As Christmas is approaching, I find myself indulging in a story that always re-centers my soul, and reminds me that the scenarios my mind creates often need adjusting! Each year I re-read God In The Doorway, which is found in Annie Dillard's book, Teaching A Stone To Talk." Sit back, and absorb 🙂



Teaching A Stone To Talk
God In The Doorway

cold Christmas Eve I was up unnaturally late because we had all gone
out to dinner-my parents, my baby sister, and I. We had come home to a
warm living room, and Christmas Eve. Our stockings drooped from the
mantle; beside them, a special table bore a bottle of ginger ale and a
plate of cookies.

I had taken off my fancy winter coat and was
standing on the heat register to bake my shoe soles and warm my bare
legs. There was a commotion at the front door; it opened, and cold
winter blew around my dress.

Everyone was calling me. “Look who’s
here! Look who’s here!” I looked. It was Santa Claus. Whom I
never-ever-wanted to meet. Santa Claus was looming in the doorway and
looking around for me. My mother’s voice was thrilled: “Look who’s
here!” I ran upstairs.

Like everyone in his right mind, I feared
Santa Claus, thinking he was God. I was still thoughtless and brute,
reactive. I knew right from wrong, but had barely tested the
possibility of shaping my own behavior, and then only from fear, and
not yet from love. Santa Claus was an old man whom you never saw, but
who nevertheless saw you; he knew when you’d been bad or good. He knew
when you’d been bad or good! And I had been bad.

My mother called
and called, enthusiastic, pleading; I wouldn’t come down. My father
encouraged me; my sister howled. I wouldn’t come down, but I could bend
over the stairwell and see: Santa Claus stood in the doorway with night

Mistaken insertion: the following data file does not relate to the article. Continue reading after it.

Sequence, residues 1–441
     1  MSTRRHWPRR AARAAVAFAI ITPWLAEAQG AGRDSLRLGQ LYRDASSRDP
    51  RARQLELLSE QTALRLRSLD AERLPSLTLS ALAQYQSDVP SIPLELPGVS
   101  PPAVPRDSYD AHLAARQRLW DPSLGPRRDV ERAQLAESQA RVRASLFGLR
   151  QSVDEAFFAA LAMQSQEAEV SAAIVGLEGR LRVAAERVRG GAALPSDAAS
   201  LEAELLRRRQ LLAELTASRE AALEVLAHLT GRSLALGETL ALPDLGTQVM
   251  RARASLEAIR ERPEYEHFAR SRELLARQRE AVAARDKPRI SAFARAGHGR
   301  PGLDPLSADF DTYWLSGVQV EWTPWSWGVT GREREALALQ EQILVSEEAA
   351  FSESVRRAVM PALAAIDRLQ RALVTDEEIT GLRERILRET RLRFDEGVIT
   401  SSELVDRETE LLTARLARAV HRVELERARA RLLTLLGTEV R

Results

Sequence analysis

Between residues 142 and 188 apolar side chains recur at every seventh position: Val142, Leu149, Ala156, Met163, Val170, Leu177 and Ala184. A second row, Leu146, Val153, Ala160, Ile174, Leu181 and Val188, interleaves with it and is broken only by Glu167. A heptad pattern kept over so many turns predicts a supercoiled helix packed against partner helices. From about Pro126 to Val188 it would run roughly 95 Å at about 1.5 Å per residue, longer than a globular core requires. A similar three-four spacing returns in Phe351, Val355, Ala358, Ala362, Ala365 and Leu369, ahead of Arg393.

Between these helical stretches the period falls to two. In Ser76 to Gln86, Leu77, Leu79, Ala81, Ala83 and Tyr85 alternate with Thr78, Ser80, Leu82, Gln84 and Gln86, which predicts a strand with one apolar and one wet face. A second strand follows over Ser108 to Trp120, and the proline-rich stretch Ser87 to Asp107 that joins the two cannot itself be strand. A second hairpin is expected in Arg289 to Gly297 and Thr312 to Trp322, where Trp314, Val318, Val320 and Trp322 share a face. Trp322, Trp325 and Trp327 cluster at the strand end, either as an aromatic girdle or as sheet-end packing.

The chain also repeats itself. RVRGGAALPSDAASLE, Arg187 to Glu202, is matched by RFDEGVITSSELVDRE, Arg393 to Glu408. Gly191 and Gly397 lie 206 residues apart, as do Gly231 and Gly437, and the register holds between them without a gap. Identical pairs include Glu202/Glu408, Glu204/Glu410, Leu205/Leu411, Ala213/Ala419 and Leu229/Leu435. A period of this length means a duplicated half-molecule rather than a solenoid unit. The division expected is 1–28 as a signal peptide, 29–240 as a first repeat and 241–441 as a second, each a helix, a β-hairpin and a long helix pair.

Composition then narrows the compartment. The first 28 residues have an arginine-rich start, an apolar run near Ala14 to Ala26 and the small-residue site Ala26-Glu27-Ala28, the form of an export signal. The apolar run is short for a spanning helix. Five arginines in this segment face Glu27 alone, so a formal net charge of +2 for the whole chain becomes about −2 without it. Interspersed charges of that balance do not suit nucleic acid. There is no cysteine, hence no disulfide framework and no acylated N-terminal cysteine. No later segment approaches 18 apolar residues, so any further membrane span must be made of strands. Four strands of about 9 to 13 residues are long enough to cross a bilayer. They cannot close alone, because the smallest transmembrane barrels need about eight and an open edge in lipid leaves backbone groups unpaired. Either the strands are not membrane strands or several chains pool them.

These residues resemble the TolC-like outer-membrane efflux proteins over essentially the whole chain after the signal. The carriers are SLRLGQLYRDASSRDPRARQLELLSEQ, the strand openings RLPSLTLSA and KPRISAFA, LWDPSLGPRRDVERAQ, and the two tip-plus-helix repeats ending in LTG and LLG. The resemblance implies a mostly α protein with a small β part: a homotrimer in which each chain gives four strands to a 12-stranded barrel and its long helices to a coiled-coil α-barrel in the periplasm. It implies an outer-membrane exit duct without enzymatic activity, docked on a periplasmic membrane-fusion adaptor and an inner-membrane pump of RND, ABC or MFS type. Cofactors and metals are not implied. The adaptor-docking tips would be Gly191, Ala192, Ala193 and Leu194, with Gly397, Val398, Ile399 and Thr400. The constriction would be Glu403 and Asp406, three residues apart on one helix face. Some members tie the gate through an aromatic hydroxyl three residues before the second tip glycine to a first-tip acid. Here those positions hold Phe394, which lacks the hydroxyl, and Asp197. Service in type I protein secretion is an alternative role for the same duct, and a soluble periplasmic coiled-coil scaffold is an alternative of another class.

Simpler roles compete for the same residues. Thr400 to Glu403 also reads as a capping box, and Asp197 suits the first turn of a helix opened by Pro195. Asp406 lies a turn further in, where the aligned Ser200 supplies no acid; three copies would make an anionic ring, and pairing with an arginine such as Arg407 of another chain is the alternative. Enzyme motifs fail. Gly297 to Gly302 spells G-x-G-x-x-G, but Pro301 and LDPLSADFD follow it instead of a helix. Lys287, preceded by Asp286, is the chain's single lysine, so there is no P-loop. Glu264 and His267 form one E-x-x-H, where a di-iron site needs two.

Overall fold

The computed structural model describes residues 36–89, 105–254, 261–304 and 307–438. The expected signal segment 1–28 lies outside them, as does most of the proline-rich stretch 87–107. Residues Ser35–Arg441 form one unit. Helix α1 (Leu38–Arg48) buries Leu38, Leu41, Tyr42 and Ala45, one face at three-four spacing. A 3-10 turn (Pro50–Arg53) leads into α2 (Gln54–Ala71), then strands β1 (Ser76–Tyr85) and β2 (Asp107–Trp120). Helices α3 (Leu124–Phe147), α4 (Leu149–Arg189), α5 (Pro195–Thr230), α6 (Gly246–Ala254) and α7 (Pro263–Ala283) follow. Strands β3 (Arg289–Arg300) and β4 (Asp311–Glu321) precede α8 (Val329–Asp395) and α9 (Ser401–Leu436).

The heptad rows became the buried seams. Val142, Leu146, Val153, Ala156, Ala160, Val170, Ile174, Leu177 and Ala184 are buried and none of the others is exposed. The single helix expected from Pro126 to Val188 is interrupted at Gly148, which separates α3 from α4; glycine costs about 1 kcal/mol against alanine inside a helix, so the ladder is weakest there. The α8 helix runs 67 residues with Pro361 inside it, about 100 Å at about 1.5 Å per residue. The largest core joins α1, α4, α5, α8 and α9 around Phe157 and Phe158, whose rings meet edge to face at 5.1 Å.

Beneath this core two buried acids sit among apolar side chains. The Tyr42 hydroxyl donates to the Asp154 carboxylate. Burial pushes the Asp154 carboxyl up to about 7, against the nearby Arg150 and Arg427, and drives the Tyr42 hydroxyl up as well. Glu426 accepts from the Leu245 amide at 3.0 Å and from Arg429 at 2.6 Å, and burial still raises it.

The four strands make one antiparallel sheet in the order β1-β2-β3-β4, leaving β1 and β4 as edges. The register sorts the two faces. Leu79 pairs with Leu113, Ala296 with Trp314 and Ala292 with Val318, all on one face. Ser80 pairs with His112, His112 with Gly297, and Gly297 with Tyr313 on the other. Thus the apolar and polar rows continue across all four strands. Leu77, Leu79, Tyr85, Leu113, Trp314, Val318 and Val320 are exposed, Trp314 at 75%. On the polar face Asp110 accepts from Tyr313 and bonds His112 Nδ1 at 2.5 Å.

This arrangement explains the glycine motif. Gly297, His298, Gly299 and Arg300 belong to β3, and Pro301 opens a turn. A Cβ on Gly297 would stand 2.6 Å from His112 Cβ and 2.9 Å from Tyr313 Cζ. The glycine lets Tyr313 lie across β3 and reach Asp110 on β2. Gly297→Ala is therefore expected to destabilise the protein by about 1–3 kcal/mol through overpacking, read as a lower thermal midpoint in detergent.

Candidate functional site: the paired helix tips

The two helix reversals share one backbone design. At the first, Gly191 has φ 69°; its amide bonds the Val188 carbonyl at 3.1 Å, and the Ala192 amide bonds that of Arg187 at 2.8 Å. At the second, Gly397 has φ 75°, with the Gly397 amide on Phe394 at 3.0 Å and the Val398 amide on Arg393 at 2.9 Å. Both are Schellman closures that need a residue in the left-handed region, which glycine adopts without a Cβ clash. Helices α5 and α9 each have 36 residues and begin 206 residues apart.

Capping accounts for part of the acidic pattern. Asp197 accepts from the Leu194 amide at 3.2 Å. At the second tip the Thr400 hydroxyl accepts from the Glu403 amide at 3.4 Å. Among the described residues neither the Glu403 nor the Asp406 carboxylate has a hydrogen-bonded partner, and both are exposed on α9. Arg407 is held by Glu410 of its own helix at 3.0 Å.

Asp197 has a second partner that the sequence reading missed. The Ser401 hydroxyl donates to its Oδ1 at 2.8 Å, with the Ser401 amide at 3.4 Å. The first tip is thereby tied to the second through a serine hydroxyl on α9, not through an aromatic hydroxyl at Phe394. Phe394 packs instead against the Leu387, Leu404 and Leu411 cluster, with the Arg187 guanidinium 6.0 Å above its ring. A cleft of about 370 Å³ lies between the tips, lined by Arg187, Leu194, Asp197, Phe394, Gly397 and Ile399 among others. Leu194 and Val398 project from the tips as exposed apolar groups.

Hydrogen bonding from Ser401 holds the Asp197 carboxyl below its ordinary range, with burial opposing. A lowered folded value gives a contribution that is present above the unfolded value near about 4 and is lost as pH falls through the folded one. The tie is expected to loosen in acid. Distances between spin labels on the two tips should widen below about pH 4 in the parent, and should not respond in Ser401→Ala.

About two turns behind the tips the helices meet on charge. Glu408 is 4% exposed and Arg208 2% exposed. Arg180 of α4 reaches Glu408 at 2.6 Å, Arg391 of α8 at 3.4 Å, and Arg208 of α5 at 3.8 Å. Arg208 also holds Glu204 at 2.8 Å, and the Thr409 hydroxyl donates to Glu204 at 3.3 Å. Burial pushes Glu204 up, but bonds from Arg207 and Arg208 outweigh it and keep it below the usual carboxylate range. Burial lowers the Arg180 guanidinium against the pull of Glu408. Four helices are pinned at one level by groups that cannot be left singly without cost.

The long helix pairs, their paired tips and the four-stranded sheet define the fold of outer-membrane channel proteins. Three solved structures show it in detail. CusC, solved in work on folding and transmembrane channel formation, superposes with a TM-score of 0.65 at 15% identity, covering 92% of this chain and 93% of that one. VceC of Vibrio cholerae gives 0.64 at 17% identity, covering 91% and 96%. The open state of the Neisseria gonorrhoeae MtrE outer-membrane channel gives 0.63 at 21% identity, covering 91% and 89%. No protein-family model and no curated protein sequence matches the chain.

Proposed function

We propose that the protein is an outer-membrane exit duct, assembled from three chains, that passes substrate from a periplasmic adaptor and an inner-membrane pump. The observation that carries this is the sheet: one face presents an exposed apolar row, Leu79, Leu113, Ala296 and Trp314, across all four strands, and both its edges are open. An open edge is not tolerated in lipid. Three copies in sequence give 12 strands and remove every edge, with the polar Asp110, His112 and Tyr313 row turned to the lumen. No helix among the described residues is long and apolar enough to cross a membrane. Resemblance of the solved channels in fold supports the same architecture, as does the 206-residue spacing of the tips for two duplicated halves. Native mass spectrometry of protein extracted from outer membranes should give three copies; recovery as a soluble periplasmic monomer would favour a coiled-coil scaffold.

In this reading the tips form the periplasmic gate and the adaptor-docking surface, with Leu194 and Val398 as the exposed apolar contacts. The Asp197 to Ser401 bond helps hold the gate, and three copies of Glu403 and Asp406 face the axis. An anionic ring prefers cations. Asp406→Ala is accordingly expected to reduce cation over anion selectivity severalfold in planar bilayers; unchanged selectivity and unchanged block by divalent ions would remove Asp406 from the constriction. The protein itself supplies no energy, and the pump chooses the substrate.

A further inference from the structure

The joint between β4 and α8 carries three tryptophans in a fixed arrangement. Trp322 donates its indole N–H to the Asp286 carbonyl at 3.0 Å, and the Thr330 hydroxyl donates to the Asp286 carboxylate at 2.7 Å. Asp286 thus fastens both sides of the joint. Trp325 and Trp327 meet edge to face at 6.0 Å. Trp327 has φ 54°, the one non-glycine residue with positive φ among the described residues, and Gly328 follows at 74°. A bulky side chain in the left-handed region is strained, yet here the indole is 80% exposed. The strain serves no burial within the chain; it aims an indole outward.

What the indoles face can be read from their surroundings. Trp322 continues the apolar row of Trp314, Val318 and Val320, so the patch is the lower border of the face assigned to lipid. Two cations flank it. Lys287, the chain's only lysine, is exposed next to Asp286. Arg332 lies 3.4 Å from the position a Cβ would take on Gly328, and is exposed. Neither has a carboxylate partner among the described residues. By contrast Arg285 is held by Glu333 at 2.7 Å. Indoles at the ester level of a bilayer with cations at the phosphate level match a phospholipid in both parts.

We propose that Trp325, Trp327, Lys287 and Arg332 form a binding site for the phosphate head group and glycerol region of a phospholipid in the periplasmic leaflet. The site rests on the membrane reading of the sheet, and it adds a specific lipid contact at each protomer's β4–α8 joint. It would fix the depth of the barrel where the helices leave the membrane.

over his shoulder, letting in all the cold air of the sky; Santa Claus
stood in the doorway monstrous and bright, powerless, ringing a loud
bell and repeating Merry Christmas, Merry Christmas. I never came down.
I don’t know who ate the cookies.

For so many years now I have
known that this Santa Claus was actually a rigged-up Miss White, who
lived across the street, that I confuse the dramatis personae in my
mind, making Santa Claus, God, and Miss White an awesome, vulnerable
trinity. This is really a story about Miss White.

Miss White was
old; she lived alone in the big house across the street. She liked
having me around; she plied me with cookies, taught me things about the
world, and tried to interest me in finger painting, in which she
herself took great pleasure. She would set up easels in her kitchen,
tack enormous slick soaking papers to their frames, and paint
undulating undersea scenes: horizontal smears of color sparked by
occasional vertical streaks which were understood to be fixed kelp. I
liked her. She meant no harm on earth, and yet half a year after her
failed visit as Santa Claus, I ran from her again.

That day, a
day of the following summer, Miss White and I knelt in her yard while
she showed me a magnifying glass. It was a large, strong hand lens. She
lifted my hand and, holding it very still, focused a dab of sunshine on
my palm. The glowing crescent wobbled, spread, and finally contracted
to a point. It burned; I was burned; I ripped my hand away and ran home
crying. Miss White called after me, sorry, explaining, but I didn’t
look back.

Even now I wonder: if I meet God, will he take and
hold my bare hand in his, and focus his eye on my palm, and kindle that
spot and let me burn?

But no. It is I who misunderstood
everything and let everybody down. Miss White, God, I am sorry I ran
from you. I am still running, running from that knowledge, that eye,
that love from which there is no refuge. For you meant only love, and
love, and I felt only fear, and pain. So once in Israel love came to us
incarnate, stood in the doorway between two worlds, and we were all

*Taken from…"Teaching a Stone to Talk" by Annie Dillard

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